Equity Theory of Motivation
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What is the most complex object in the universe? Undeniably, a human brain which has billions of neurons connecting with each other in a split of a second. While we have not been able to fully comprehend how our mind gives rise to thoughts, actions, emotions and consciousness, we are able to study the ever evolving human behavior and institutively make predictions based on past experiences. Human behavior is hard wired through genetic inheritance at birth but is significantly influenced by family members, communities we live in, and our past and present experiences as we grow old. Once we enter into workforce, our cognitive abilities evolve further giving rise to different behaviors, which is scientifically known as organizational behaviors. Let us understand how and why people behave at work with the help of Equity Theory of Motivation.
Equity theory of motivation suggests that when individuals think the inputs and outputs are equivalent to the inputs and outputs of other colleagues, they are happy and satisfied. Employees compare their ratio of input-to-output with their colleagues ratios of input-to-output to seek fairness and justice. The perceived inputs and outputs differ from person to person. Examples of inputs are effort, loyalty, hard work, commitment, skill, ability, flexibility, determination and personal sacrifice. Examples of outputs are pay, salary, perks, benefits, bonus, recognition, responsibility, training, travel, advancement, praise and sense of achievement. Generally, an individual comes across three scenarios of equity and fairness:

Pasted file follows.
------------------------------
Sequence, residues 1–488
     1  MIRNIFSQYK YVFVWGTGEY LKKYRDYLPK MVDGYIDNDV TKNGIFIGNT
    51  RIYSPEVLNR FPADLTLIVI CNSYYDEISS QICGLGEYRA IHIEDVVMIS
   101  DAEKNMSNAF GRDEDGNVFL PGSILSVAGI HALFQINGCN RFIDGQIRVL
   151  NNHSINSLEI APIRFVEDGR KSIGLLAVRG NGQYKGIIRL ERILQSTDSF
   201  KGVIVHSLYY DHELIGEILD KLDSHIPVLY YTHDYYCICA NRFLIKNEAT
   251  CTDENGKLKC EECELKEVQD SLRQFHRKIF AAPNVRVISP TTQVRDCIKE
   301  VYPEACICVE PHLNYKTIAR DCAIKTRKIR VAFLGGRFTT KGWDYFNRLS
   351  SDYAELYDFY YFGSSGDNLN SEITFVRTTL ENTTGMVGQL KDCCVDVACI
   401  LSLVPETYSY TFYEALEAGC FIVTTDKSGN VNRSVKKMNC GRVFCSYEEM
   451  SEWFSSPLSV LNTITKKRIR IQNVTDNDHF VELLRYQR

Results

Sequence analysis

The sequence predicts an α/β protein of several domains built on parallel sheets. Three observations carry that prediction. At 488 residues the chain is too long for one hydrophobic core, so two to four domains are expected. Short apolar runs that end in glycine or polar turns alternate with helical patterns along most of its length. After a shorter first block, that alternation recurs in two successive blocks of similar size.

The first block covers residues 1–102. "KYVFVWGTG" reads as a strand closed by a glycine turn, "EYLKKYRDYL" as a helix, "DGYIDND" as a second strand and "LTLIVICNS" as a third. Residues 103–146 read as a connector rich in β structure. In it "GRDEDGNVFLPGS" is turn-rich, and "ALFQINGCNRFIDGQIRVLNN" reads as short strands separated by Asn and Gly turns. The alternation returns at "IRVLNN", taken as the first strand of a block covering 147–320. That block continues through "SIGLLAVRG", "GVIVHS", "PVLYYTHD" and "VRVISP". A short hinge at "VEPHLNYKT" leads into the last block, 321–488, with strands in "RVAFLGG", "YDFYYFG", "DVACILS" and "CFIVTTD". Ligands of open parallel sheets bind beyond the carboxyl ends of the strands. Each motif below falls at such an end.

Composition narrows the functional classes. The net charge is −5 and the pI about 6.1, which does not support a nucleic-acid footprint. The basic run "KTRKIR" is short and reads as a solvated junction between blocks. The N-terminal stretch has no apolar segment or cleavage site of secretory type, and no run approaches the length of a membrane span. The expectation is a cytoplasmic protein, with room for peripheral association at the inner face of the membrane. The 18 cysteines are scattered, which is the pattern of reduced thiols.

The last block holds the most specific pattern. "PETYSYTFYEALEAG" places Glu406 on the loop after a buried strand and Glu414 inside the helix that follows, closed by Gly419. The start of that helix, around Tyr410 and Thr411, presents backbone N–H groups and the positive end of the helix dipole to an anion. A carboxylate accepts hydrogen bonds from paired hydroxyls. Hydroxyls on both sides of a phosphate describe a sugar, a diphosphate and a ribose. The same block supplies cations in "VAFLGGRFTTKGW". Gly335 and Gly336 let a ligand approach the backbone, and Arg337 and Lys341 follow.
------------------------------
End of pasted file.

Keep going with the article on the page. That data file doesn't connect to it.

Equity: In this scenario, the employee finds that his or her ratio of input-to-output is fairly close to his colleagues ratio. The rewards may be intrinsic or extrinsic, but the employee feels a sense of fairness and equality, which in turn creates motivation.
2) Under rewarded inequity: In this scenario, the employee finds that his or her ratio of input-to-output is lower than that of his colleagues. Hence, the employee gets demotivated and disappointed to learn that his colleagues enjoy a higher input-to-output ratio, in spite of putting in equal efforts. For example, I handle real estate department and one of my duties is to process real estate taxes and disburse funds. For years there was no single particular method to disburse funds, so I put in significant efforts to create disbursement policies which explained step by step procedures one should follow to minimize errors and keep the procedures uniform. Because of these uniform procedures, loan histories looked user friendly and a lot of errors were eliminated when we disbursed funds from the loans. While working on these policies, I had communicated my expectations with my manager, Sandy Engyel. She had assured me that what I was doing was for the betterment of the organization, and it would payoff eventually. She presented my developments to the upper management and requested a pay raise or a promotion be issued to me for proactively working on new projects and helping the organization as a whole. Unluckily, our bank was going through 2008 financial crisis, and it didnt want to commit to any pay raises or promotions. Ironically, the bank was cutting down on expenses to stay in business, so my request was deemed rejected. To make the matters worse, my manager didnt even recognize my efforts or offered me some sort of intrinsic rewards. When the company is